A similar observation for the use of Weil-bounded subsets of the rationals suggests domain widths of 1/max(n,d), yielding instead the following formula:

where this time the set of basis rationals is assumed to be all of those of Weil Height ≤ N for some N.

In both cases, the general approach is the same: the value of the spreading function, taken at the value of cents(b), is divided by some sort of "complexity" function representing how much weight is given to that rational number. While the two complexity functions considered thus far were derived empirically by observing the asymptotic behavior of various height-bounded subsets of the rationals, we can generalize this for arbitrary basis sets of rationals and arbitrary complexities as follows:

where ||b|| denotes a complexity function mapping from rational numbers to non-negative reals.

As these "probabilities" don't sum to 1, the result is not a probability distribution at all, invalidating the use of the Shannon Entropy. To rectify this, the distribution is normalized so that the probabilities do sum to 1:

The pd(b) are then used directly to compute the entropy.

This approach to assigning probabilities to basis rationals is useful because it hypothetically makes it possible to consider the HE of sets of rationals which are dense in the reals, or even the entire set of positive rationals ℚ+, although the best way to do this is a subject of ongoing research.


In all of these examples, the x-axis represents the width in cents of the dyad, and the y-axis represents discordance rather than concordance, measured in nats of Shannon entropy. Note that by convention, the value for s is typically expressed as a percentage of frequency deviation; this can be converted to cents via

This uses as a spreading function the Gaussian distribution with s=~17 cents (or a lin-frequency deviation of 1%). The basis set is all rationals of Tenney height less than 10000. This uses the complexity-normalization approach, and the complexity function is sqrt(n·d):
external image tNg7z1P.png
This example uses the same spreading function and standard deviation, but this time the basis set is all rationals of Weil height less than 100. The complexity function here is max(n,d):

external image TZdU6eD.png
The following image compares the domain-integral and complexity-normalization approaches by overlaying the two curves on top of each other. In both cases, the spreading function is again a Gaussian with s=~17 cents, and the basis set is all those rationals with Tenney height ≤ 10000. It can be seen that the curves are extremely similar, and that the locations of the minima and maxima are largely preserved:
external image 5QPTsEP.png
Harmonic Rényi Entropy
An extension to the base Harmonic Entropy model, proposed by Mike Battaglia, is to generalize the use of Shannon entropy by replacing it instead with Rényi entropy, a q-analog of Shannon's original entropy. The Harmonic Rényi Entropy of order a of an incoming dyad can be defined as follows:

where the p_d(b) are the probabilities assigned by dyad d to each basis rational b. Being a q-analog, it is noteworthy that Rényi entropy converges to Shannon entropy in the limit as a→1, a fact which can be verified using L'Hôpital's rule as found here.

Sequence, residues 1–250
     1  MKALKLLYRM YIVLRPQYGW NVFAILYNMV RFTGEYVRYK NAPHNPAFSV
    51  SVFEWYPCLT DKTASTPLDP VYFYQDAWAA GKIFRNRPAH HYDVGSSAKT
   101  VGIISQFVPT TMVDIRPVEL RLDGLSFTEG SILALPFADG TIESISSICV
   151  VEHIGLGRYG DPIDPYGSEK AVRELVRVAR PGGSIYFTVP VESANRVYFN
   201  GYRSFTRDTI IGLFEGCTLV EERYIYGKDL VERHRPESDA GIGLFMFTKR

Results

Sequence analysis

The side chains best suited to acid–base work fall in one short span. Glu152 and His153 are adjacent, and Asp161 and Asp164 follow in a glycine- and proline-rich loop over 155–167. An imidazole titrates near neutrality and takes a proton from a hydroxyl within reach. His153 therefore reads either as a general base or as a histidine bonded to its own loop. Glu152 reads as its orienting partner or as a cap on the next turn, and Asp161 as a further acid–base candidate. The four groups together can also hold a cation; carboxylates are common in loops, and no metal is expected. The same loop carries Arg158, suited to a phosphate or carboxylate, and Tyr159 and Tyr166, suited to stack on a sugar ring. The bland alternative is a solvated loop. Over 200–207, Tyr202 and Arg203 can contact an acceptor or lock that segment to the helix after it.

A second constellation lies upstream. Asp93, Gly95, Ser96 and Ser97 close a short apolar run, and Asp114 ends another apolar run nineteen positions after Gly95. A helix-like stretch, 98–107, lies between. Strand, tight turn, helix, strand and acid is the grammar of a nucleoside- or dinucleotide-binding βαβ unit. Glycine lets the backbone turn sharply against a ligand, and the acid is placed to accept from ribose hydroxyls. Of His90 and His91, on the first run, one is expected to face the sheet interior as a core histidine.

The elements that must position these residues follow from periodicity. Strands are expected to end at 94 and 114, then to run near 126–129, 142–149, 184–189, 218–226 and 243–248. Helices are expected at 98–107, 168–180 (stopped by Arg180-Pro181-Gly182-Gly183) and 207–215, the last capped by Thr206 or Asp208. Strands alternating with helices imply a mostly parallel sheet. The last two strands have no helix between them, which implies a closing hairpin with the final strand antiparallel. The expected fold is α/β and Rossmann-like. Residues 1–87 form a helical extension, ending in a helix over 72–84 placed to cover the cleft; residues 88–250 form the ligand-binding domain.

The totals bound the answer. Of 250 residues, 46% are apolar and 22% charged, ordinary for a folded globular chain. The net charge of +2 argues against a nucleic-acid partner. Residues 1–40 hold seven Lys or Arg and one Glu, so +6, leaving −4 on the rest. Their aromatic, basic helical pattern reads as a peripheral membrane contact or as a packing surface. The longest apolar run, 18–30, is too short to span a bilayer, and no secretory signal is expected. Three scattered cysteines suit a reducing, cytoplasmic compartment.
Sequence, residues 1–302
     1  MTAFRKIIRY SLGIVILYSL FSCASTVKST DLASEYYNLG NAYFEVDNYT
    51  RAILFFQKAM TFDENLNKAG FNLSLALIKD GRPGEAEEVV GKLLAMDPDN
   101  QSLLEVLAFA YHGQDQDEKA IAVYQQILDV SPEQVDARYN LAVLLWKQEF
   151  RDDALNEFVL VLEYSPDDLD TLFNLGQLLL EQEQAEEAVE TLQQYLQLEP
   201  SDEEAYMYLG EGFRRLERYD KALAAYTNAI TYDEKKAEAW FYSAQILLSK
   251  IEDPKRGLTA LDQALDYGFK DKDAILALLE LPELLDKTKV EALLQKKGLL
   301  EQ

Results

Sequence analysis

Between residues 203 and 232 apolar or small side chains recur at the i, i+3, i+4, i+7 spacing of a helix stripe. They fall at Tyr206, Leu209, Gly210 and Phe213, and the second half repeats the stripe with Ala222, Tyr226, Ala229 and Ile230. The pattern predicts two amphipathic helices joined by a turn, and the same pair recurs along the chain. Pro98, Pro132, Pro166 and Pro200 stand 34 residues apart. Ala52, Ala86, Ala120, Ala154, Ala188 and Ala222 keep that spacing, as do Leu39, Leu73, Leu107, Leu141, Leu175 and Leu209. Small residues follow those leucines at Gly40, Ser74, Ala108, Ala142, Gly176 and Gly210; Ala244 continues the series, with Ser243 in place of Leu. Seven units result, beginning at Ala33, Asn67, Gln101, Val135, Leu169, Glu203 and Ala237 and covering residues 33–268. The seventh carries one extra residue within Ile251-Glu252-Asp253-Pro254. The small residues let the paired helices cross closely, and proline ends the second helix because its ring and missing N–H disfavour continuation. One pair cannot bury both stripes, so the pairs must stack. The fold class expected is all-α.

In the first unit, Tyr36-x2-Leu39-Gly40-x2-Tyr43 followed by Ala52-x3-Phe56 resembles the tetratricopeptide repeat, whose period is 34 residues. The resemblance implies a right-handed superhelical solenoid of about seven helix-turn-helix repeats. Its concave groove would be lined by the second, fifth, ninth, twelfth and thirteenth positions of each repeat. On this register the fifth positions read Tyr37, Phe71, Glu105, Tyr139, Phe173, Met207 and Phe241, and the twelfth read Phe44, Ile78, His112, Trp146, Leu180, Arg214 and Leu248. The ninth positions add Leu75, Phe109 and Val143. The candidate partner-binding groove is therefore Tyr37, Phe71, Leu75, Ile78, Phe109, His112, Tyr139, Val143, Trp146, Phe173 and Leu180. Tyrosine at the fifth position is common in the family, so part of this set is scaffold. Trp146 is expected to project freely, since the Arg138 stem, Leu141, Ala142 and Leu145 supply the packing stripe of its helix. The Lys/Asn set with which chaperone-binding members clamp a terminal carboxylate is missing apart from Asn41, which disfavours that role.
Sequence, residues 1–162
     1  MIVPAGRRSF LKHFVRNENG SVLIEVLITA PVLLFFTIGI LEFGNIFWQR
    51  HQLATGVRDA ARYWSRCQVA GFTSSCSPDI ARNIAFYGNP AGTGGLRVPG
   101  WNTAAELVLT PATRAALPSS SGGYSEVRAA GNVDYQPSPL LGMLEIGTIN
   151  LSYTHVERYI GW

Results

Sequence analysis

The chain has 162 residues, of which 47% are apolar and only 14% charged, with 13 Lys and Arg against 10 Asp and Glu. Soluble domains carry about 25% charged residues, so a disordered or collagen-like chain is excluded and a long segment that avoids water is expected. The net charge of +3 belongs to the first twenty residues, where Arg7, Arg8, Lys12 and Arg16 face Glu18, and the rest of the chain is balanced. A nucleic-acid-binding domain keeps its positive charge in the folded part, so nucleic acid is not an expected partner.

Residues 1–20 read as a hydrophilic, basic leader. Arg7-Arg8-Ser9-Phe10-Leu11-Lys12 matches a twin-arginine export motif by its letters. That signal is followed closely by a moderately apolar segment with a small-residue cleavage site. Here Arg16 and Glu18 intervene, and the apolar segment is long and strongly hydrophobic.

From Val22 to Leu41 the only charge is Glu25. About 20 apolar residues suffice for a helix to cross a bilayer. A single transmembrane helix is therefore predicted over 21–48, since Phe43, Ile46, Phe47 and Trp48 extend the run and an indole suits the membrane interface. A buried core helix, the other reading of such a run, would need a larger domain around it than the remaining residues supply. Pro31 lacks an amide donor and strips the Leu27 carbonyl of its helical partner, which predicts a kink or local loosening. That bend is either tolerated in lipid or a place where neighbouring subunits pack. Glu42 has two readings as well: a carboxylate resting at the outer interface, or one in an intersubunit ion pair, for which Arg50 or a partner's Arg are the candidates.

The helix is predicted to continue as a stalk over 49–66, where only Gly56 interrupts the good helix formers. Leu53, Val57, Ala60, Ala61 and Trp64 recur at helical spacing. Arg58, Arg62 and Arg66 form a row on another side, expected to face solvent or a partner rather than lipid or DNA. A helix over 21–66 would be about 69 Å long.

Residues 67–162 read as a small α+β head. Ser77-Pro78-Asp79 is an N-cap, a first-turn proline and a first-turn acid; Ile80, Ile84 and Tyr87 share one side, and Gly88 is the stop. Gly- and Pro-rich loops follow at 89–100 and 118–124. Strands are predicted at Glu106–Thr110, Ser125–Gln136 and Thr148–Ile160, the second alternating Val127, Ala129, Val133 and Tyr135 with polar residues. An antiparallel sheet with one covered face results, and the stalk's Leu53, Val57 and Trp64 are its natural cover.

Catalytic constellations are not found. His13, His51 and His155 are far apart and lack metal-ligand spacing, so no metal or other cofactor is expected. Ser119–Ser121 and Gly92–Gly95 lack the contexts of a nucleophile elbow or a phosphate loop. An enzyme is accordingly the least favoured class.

The Rényi entropy has found use in cryptography as a measure of the strength of a cryptographic code in the face of an intelligent attacker, an application for which Shannon entropy has long been known to be insufficient as described in this paper and this RFC. More precisely, the Rényi entropy of order ∞, also called the min-entropy, is used to measure the strength of the randomness used to define a cryptographic secret against a "worst-case" attacker who has complete knowledge of the probability distribution from which cryptographic secrets are drawn. In a musical context, by considering the incoming dyad as analogous to a cryptographic code which is attempting to be "cracked" by an intelligent auditory system, we can consider that the analogous "worst-case attacker" would be a "best-case auditory system" which has complete awareness of the probability distribution for any incoming dyad. This analogy would view such an auditory system as actively attempting to choose the most probable rational, rather than drawing a rational at random weighted by the distribution.

The use of a=∞ min-entropy would reflect this view. In contrast, the use of a=1 Shannon entropy reflects a much "dumber" process which performs no such analysis and perhaps doesn't even seek to "choose" any sort of "victor" rational at all. As the parameter a interpolates between these two options, it can be interpreted as the extent to which the rational-matching process for incoming dyads is considered to be "intelligent" and "active" in this way.

Some psychoacoustic effects naturally fit into this paradigm, such as the virtual pitch integration process, which actually does attempt to find a single victor when matching incoming chords with chunks of the harmonic series. Other psychoacoustic effects, such as that of beatlessness, may instead be better viewed as "dumb" processes whereby nothing in particular is being "chosen," but where a more uniform distribution of matching rational numbers for a dyad simply generates a more discordant sonic effect. Different values of a can differentiate between the predominance given to these two types of effect in the overall construct of psychoacoustic concordance.

Certain values of a reduce to simpler expressions and have special names.

a=0: Harmonic Hartley Entropy